Advertising, the Uneasy Persuasion: Its Dubious Impact on American Society

By Michael Schudson | Go to book overview

leading companies, like General Motors, decided in 1985 that the growing cost of Superbowl air time ($525,000 for 30 seconds) was simply not worth the cost. 1

Advertising, the Uneasy Persuasion argues against the most commonly held view of advertising--that advertising affects sales by leading consumers to change their minds or to think a certain way about a product. In the common view, advertising associates a given brand or product with a prestigious person or a romanticized lifestyle, and suggests that the use of the product will transform the consumer into a more beautiful, more desirable, or more energetic human being. The consumer, believing or half-believing this, and consciously or subconsciously coaxed by the ad's suggestion, buys the product. With most Americans most of the time, as I argue in chapter 4, this notion that advertising directly affects consumer choice explains scarcely anything about why consumers buy what they do. Nevertheless, there may be ways, not touched on in my book, that advertisements indirectly affect consumer buying decisions. Advertisements may affect the goods available to consumers even if they do not persuade consumers which goods to buy.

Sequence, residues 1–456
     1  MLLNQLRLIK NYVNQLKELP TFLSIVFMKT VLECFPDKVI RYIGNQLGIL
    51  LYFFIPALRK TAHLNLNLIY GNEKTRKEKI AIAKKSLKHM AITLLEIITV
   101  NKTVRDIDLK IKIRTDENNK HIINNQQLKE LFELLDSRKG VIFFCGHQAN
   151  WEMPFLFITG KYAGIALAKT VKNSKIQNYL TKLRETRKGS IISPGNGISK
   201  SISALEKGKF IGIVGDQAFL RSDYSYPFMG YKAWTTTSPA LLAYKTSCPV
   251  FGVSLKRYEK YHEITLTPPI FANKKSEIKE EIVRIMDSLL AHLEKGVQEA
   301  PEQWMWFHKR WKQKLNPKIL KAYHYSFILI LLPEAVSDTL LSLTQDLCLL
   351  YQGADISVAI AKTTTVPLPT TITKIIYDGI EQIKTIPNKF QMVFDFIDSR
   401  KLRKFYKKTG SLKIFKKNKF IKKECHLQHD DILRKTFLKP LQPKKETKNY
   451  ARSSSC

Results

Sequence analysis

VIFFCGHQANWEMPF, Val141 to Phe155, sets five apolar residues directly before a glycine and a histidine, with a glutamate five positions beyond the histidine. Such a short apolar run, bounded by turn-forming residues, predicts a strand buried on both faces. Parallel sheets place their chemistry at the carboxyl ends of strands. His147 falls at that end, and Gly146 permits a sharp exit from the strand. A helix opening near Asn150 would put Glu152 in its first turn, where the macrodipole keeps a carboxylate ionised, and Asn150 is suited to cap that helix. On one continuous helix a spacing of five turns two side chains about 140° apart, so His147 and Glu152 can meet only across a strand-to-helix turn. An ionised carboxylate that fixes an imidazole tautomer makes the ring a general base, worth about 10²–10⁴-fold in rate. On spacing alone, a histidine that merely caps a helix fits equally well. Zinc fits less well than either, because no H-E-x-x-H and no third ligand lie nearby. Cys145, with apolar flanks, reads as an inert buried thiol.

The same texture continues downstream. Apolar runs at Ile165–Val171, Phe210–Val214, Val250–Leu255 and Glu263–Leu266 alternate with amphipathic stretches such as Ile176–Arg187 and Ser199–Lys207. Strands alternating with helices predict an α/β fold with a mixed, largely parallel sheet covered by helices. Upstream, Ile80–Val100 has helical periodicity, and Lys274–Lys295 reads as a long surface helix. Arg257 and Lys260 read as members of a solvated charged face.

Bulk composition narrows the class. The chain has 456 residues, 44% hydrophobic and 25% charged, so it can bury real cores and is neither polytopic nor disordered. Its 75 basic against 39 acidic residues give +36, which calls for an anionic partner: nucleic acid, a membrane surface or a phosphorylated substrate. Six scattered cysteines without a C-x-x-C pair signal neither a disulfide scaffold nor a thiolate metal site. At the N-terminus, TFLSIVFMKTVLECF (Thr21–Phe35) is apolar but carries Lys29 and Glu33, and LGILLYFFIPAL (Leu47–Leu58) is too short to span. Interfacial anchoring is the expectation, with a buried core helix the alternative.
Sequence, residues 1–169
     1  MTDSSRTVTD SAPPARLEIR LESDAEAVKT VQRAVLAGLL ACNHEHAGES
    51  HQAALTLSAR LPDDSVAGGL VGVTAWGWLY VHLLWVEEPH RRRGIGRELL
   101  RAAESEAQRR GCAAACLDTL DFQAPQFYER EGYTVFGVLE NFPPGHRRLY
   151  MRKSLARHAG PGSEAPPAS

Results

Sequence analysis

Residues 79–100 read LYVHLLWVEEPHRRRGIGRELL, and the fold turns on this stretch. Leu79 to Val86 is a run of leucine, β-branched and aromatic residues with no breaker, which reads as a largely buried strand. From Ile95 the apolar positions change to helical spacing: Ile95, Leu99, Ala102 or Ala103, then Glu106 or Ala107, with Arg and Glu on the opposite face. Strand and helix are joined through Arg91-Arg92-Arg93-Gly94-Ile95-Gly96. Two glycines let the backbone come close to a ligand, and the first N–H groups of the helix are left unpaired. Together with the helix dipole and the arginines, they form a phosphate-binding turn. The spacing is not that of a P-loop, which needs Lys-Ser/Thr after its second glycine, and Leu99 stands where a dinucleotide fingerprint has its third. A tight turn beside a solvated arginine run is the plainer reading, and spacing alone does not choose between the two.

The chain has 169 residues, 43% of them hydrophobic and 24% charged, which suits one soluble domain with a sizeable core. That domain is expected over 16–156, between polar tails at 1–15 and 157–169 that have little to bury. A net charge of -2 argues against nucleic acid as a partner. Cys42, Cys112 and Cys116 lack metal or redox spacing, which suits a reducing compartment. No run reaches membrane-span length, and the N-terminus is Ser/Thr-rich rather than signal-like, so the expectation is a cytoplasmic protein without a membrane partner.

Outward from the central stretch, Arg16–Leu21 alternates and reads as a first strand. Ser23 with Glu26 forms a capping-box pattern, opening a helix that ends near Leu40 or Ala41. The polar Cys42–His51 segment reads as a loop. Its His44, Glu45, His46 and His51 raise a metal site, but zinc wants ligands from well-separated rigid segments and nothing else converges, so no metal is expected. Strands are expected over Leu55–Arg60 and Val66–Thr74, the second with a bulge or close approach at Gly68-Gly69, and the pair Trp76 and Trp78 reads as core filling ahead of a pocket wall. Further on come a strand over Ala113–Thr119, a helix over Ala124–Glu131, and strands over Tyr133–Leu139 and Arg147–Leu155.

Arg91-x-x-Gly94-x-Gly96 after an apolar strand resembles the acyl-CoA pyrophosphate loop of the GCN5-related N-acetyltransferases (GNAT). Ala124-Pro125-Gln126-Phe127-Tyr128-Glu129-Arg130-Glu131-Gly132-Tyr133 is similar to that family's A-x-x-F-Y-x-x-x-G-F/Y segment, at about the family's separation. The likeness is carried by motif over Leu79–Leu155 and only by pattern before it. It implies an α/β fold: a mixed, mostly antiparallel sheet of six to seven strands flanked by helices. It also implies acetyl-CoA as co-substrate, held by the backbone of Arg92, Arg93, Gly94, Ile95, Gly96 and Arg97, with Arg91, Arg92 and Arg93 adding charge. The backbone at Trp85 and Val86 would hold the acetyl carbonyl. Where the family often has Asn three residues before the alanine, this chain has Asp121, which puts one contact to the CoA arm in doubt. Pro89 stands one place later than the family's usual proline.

This can happen if business people think ads affect consumers directly (even if, in fact, they do not). A marketing executive at a major food company told me he thinks most of the money spent by his own company on advertising does little good in convincing consumers of anything. However, he has failed in efforts to limit the advertising budget. Why? His explanation is that when the company executives make presentations before meetings of their stockholders or others in the investment community, the first thing investors want to see is a reel of the company's television advertisements. Expensive, well-executed, and familiar ads convince the investors, as nothing in the black and white tables of assets and debits can, that the company is important and prosperous.

This, naturally, can have major consequences for the firm. If investment in advertising keeps the firm's investors happy, the company can count on a flow of capital for its operations. In this way, the investors' belief that advertising is an index of a prosperous company helps make the company prosperous.

-xiv-

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Advertising, the Uneasy Persuasion: Its Dubious Impact on American Society
Table of contents

Table of contents

  • Title Page iii
  • Contents vii
  • Acknowledgments ix
  • Preface to the Paperback Edition xiii
  • Notes xxiii
  • Introduction 3
  • 1 - The Advertiser's Perspective 14
  • 2 - What Advertising Agencies Know 44
  • 3 - The Consumer's Information Environment 90
  • 4 - An Anthropology of Goods 129
  • 5 - Historical Roots of Consumer Culture 147
  • 6 - The Emergence of New Consumer Patterns: a Case Study of the Cigarette 178
  • 7 - Advertising as Capitalist Realism 209
  • 8 - An Evaluation of Advertising 234
  • Notes 244
  • Index 277
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